I guarantee you -- every day a black walks into a restaurant in Anytown, USA -- servers of all socioeonomic and racial backgrounds (that includes blacks, too) that bust their A$$ and give exceptional service and care, are rolling their eyes, arguing over who's got to take them as a customer.
Not because they are racist! But because 1/20 times, they are not going to get a tip reflective of the customary norm everyone else tends to follow.
1) You are paid what you are worth, male or female, black or white. Want to make more? Become indispensable. Work harder, work longer, develop skills that give you an edge.
You do not OWN your job -- you are an employee of the firm, of which truly owns the employment opportunity (never forget that). You merely have the PRIVILEGE to work where ever you work currently.
Have a problem with that? Make a job for yourself (like I did).
2) Regarding tipping -- blacks are outright the worst tippers on the face of the planet. Anybody who has delivered pizza, waited tables, or valeted for a living knows what I'm talking about.
So when Clay drew a picture of an air freshener hanging from the Tea Bagger's hat, is it on his left or right side?
Clay -- you've actually drawn a picture of the left wing wilting away, not the right.
The question is:
Is it moral to give (let's be honest in this context -- to forcibly surrender) one's belongings unconditionally?
Our "poor" live better than Royalty did just several centuries ago.
Running, clean water, heat and air, access to health care, a roof over their heads, subsidized food, cable to watch America's Got Talent, big-arse flat screens.
Is what I've evidenced even debatable? At what point will altruistic Socialist sociopaths, ever so happy to fleece the self-sufficient to fund their boondoggles and visions of Nirvana, ever be satisfied?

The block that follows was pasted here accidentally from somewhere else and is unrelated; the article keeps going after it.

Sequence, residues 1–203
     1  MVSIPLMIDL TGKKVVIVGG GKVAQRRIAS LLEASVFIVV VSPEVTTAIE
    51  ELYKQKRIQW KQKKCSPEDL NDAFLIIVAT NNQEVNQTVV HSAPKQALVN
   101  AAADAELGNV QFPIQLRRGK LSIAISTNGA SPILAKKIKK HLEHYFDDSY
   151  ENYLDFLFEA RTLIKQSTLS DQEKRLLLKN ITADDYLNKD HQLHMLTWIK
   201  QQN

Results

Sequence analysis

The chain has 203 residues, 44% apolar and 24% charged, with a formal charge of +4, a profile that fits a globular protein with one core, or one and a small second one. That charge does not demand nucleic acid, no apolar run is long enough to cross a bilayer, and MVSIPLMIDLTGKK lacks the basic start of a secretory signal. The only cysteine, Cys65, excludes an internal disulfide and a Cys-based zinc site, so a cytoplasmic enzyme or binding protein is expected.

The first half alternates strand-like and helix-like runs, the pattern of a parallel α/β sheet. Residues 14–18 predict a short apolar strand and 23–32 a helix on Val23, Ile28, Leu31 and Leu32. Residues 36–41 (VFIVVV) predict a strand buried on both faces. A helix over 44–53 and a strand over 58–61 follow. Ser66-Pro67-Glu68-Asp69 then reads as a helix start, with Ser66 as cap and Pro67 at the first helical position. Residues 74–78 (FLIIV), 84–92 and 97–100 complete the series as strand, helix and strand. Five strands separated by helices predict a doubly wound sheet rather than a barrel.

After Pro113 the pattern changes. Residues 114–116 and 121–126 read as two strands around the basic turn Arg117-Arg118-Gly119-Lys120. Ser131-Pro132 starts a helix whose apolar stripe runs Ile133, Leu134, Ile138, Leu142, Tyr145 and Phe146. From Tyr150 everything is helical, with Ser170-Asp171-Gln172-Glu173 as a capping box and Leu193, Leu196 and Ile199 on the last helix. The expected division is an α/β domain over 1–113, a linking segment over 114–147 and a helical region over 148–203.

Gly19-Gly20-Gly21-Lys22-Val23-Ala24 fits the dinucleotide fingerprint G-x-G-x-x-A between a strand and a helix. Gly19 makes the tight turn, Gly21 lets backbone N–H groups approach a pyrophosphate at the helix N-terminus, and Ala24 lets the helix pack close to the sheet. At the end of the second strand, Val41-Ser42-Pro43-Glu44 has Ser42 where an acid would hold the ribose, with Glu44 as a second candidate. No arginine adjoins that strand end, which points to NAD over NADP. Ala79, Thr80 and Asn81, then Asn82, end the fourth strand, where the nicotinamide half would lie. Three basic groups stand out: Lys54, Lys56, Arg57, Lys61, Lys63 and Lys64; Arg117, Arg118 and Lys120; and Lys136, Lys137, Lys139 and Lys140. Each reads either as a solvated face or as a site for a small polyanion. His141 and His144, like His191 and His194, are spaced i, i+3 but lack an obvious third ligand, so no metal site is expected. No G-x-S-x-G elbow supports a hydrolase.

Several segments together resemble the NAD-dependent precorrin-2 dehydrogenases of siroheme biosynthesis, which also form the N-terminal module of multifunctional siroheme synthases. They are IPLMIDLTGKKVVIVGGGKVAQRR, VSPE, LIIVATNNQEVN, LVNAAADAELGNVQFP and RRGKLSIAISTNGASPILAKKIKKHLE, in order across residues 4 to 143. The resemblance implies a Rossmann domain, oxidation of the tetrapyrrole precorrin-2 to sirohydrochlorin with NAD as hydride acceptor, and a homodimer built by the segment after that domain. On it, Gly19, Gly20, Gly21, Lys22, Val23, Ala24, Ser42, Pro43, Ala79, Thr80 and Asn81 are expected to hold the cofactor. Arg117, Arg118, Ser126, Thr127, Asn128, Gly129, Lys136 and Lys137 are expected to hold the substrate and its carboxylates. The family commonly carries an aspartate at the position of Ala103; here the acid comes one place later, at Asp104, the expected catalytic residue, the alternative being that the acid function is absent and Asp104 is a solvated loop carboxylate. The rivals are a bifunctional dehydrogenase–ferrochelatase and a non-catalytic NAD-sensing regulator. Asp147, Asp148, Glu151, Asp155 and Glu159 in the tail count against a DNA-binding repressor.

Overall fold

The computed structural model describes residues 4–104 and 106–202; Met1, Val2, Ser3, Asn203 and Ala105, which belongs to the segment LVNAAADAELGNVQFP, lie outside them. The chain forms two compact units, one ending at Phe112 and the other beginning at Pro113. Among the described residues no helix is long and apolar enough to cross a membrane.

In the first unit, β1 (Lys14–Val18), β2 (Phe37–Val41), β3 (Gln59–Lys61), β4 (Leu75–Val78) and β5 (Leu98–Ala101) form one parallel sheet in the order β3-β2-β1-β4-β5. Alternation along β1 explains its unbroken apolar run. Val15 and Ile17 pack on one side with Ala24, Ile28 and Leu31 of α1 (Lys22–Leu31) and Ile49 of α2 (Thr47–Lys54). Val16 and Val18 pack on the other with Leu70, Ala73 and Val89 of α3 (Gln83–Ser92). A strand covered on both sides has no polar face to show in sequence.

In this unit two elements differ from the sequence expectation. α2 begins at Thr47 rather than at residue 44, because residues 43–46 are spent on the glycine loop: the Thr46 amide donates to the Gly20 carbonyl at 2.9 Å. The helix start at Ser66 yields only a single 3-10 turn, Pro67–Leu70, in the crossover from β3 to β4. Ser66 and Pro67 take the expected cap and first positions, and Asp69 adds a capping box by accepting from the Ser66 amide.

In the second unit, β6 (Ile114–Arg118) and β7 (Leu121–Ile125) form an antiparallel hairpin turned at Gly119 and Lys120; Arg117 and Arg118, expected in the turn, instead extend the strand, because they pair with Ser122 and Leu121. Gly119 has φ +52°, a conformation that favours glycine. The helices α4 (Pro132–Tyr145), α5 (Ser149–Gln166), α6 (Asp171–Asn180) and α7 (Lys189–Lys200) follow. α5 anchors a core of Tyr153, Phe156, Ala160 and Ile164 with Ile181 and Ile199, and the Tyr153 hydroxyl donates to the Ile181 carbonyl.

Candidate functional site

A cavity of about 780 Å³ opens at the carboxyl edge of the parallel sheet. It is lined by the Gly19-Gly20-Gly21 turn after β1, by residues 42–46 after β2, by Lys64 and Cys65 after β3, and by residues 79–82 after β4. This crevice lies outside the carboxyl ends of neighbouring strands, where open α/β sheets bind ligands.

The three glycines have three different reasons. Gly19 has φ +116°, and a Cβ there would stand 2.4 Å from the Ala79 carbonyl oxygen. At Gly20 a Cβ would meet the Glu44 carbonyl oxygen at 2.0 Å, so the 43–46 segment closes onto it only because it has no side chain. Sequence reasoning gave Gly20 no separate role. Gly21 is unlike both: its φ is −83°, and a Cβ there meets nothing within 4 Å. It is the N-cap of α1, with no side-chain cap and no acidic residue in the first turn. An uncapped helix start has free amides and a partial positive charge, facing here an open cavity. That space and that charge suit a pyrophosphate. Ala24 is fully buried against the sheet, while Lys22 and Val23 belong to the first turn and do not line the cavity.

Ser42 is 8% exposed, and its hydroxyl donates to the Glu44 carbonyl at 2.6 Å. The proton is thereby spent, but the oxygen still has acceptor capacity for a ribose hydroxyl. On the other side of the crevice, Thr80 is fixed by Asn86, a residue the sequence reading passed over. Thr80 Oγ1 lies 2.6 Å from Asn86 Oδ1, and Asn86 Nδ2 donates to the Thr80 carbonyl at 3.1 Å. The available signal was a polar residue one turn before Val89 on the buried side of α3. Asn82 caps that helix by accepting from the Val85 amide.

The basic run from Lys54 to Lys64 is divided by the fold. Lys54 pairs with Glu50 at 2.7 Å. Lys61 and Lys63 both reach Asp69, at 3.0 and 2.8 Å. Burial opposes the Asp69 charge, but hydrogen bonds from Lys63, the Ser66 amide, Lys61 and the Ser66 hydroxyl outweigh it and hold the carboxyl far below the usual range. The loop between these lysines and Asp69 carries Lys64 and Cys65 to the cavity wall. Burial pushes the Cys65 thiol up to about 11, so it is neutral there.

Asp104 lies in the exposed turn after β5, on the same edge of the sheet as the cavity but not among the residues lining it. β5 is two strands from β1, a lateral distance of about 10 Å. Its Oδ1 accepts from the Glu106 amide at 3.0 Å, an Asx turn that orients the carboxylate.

Apparently Uncle Sugar doesn't put out enough to satisfy even the most ardent Socialist sociopaths.
Wally, Hambone, EaTN:
Come work for me and I'll teach you a skill (sales) where you can make six figures a year if you work hard and follow my mentorship.
The door is open to anyone, including McDonald's workers. I will work with anyone willing to better themselves and wants to achieve something greater than mediocrity.
BUT... Odds are you'd rather b*tch and moan about wanting more for less, or more for the same, than praising those who want to get out and better themselves.
EaTN -- there are enough welfare programs to help those in need. Ever been in a project or a poor person's home? Have you seen what capitalism and charity has done for America's "poor?" Big screens, cable, heat and air, clean, running water, and more food than the eye can see.
America's poor are kings compared to the starving masses in Africa.
Lkeithlu -- The Law of Supply and Demand. Look at the Oil Boom in North Dakota. Wal-Mart and Subway workers are getting paid $15/hr plus.
Why? Because they have to stay competitive with the salaries the oil industry is paying out to its workers.
Point is the wage offered reflects what the market will take -- meaning what "underpaid" workers will accept, given the supply of jobs and their respective wages available in the job market.